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G-7 Warns Russia of ‘Massive Consequences’ Over Ukraine

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Foreign ministers from the Group of Seven nations on Sunday warned Russia to de-escalate its activities around Ukraine or face “massive consequences.”

In a joint statement, the ministers said they were “united in our condemnation of Russia’s military build-up and aggressive rhetoric towards Ukraine.”

“We call on Russia to de-escalate, pursue diplomatic channels, and abide by its international commitments on transparency of military activities,” the ministers said in the statement, which followed meetings in Liverpool, England, hosted by U.K. Foreign Secretary Liz Truss.

With increasing numbers of troops and military equipment deployed near Ukraine’s border, the U.S. warned for weeks that Russian President Vladimir Putin has drawn up plans for an invasion that could take place in early 2022. Putin has denied any intention to invade.

The U.S. has told Russia’s leader that his country will face massive economic repercussions if he moves against Ukraine, though Japan is likely to insist that Sunday’s G-7 statement remains relatively cautious, the people said.

While the U.S. administration hasn’t publicly laid out the potential costs to Russia, they could be implemented quickly if necessary, according to a U.S. State Department official, who discussed the closed-door talks on condition of anonymity.

Putin Told Biden in Tuesday’s Call He’s Ready to Meet in Person

Putin and Biden spoke on a two-hour video call last week, in which the Russian said he’d be prepared for an in-person meeting, according to footage shown on the Rossiya-1 TV channel on Sunday.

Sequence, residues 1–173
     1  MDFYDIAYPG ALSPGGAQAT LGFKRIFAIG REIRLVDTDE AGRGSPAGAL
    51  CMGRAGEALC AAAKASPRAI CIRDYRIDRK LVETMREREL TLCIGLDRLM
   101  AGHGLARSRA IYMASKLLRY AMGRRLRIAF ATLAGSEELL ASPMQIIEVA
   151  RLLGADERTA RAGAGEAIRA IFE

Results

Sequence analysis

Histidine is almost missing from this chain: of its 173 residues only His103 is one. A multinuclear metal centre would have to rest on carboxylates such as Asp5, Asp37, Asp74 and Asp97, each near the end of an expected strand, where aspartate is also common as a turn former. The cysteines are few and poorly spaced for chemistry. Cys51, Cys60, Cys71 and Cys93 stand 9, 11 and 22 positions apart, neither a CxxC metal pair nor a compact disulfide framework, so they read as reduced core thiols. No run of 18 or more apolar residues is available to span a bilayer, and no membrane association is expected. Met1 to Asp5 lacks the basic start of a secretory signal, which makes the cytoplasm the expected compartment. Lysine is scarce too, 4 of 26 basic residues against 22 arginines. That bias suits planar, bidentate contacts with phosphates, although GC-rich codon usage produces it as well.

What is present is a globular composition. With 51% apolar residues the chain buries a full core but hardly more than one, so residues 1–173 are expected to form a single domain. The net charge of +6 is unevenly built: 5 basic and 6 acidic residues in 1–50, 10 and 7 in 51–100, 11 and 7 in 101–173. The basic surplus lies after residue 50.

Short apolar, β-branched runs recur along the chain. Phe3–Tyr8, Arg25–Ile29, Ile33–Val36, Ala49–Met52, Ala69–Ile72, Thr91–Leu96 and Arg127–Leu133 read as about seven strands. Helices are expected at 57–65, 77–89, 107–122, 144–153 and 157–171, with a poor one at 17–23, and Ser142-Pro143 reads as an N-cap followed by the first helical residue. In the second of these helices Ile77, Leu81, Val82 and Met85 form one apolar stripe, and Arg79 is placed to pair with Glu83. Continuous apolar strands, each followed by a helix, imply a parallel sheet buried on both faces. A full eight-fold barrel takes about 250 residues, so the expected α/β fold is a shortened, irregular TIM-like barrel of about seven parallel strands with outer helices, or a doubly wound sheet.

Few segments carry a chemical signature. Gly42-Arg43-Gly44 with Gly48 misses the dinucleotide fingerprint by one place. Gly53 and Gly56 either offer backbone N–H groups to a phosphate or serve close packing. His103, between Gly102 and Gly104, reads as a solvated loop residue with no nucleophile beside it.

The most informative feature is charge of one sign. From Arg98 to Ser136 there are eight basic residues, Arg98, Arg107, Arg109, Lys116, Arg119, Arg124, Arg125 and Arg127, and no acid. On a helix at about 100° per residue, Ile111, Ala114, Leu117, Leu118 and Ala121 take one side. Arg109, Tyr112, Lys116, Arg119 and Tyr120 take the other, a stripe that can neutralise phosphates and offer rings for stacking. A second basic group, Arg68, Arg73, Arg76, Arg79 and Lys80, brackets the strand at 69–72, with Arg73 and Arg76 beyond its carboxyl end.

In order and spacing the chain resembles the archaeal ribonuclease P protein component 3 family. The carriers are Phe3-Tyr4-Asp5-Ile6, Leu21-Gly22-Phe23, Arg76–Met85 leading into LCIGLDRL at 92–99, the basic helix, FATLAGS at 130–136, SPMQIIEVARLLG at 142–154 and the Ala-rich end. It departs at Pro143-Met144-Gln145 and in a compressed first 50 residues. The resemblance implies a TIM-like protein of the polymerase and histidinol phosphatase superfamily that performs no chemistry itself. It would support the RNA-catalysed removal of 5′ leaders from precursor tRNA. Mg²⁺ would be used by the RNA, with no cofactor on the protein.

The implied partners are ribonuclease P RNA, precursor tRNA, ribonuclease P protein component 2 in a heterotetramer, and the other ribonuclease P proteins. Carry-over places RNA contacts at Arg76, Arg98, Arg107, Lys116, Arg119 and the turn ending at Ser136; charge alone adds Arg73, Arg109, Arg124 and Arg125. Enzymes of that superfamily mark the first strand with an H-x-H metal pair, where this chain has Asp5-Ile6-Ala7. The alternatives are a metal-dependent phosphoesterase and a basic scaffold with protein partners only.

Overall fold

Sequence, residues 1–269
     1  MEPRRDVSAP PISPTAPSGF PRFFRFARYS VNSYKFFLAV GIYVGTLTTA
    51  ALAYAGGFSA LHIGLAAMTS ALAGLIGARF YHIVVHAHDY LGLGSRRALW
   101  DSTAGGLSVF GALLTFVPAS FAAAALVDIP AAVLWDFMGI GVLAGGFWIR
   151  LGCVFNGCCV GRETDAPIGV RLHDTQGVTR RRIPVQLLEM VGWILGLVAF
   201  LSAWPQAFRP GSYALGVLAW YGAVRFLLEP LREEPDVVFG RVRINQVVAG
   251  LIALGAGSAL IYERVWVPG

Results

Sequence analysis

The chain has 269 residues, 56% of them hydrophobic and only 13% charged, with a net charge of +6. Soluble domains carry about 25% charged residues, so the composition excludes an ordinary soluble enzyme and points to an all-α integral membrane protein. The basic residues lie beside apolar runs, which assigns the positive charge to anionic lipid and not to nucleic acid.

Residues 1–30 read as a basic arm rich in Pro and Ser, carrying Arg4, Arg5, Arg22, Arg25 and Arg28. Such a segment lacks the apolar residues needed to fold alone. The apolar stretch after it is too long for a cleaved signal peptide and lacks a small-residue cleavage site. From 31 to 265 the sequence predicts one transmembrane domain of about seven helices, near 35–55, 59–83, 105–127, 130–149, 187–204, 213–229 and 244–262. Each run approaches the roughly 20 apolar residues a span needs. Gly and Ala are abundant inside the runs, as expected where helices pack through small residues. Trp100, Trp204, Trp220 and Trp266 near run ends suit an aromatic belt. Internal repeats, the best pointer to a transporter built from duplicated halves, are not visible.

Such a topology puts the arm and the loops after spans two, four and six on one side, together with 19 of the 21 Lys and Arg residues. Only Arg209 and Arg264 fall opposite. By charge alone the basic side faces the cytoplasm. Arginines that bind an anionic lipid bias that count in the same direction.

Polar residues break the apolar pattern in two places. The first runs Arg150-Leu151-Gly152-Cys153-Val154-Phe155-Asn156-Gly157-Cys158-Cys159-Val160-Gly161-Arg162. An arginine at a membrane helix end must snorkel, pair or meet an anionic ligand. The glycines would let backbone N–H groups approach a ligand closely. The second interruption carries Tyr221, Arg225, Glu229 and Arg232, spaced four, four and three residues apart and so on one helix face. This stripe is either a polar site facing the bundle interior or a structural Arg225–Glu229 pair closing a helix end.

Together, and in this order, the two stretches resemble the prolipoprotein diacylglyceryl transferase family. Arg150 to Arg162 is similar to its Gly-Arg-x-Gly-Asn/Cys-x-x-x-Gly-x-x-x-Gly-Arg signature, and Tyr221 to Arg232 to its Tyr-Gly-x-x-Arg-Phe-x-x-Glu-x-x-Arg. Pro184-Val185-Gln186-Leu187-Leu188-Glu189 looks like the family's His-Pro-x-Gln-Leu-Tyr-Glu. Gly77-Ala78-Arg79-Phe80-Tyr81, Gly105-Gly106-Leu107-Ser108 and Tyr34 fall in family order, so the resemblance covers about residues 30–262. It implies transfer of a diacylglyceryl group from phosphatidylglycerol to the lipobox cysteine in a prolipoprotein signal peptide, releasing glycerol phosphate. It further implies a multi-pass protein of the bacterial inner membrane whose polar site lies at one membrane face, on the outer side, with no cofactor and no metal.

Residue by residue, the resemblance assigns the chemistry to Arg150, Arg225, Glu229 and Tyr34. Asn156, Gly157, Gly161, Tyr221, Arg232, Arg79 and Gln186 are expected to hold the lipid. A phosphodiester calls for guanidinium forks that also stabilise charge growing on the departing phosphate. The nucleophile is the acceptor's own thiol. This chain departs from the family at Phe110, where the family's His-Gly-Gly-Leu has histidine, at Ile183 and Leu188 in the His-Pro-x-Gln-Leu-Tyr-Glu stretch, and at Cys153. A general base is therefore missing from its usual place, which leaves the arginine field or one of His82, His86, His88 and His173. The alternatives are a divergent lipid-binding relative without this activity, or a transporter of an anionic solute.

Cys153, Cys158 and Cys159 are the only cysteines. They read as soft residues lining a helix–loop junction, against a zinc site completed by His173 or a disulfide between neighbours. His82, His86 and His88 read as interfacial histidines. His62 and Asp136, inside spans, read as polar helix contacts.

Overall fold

“In the absence of de-escalation and taking the diplomatic path, seems pretty unlikely,” U.S. Secretary of State Antony Blinken said on NBC’s “Meet the Press” on Sunday.

Russia’s deployment of troops and military equipment on Ukraine’s border have pushed revived fears of war to the top of the G-7’s agenda.

Biden on Saturday warned Russia of “devastating” economic penalties if it attacks Ukraine and said more U.S. and NATO troops would be sent to defend allies. Separately, U.S. Treasury Secretary Janet Yellen spoke with her German counterpart on Friday to discuss steps that could “impose severe costs on Russia’s economy” if needed.

The U.S. official expressed confidence that a broad group of countries, including other G-7 nations, would join in imposing costs if Russia attacks Ukraine.

U.S. Secretary of State Antony Blinken and Italian Foreign Minister Luigi Di Maio, who met on the margins of the G-7 conference, renewed their support for Ukraine’s sovereignty and called on Russia to “reduce tensions and return to diplomacy,” State Department spokesman Ned Price said on Saturday.

G-7 members agree that changing European borders by force would have “enormous political and economic consequences,” Annalena Baerbock, appointed last week as Germany’s first female foreign minister, said in comments broadcast on ARD television.

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